Return of the Orient Express

By Saleh Elias.

This article was originally published by Niqash. Any opinions expressed are those of the author, and do not necessarily reflect the views of Iraq Business News.

The Mosul train station is empty after years of neglect. But local authorities say they want to revive railways here. It’s a sign of better conditions in the strife-torn city. But two similar projects have already failed. Can this one work?

Once this area, in the northern Iraqi city of Mosul, was bustling with passengers, buses, cars and the whistles of departing trains. Today the city’s train station is deserted and almost silent. Rusted wagons stand around, a pack of stray dogs roams the ruined buildings and somewhere in the distance one can faintly hear the sound of railway employees at work.

The railway station in Mosul, the capital of the state of Ninawa, was originally built after WWI by the British army and opened in 1938. Since then it has been a historical landmark in the troubled northern city – it bears the marks of Iraq’s past rulers and conflicts as well as the various festivals that it was used to host.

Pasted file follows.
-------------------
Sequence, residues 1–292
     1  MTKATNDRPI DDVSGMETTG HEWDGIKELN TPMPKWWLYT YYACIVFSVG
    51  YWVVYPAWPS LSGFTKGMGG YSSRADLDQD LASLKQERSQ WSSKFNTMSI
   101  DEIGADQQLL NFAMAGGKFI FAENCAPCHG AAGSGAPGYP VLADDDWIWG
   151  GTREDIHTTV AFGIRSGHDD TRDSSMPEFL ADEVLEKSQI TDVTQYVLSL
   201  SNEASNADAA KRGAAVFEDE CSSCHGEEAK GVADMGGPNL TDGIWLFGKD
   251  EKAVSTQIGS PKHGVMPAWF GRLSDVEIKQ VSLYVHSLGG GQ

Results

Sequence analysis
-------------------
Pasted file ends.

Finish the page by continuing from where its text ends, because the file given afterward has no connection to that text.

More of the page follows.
The station in Mosul was particularly well known because it was a stop on a sister route of the famous Orient Express, as well as part of the line which went from Berlin to Baghdad and which helped establish German dominance in the near Middle East in the early 20th century; the trains brought passengers of many different nationalities through Mosul.

But the railway was also obviously useful for locals. “For the people of Mosul, the train was a safe means of transport,” Ibrahim al-Allaf, a professor of contemporary history and the director of the Regional Studies Centre in Mosul, told NIQASH. “Ticket prices were low, the trains ran on time and the quality of service was excellent. I used it myself whenever I had to go to the universities in the capital. And hundreds of students used the trains too. It was a very reliable way of getting around.”

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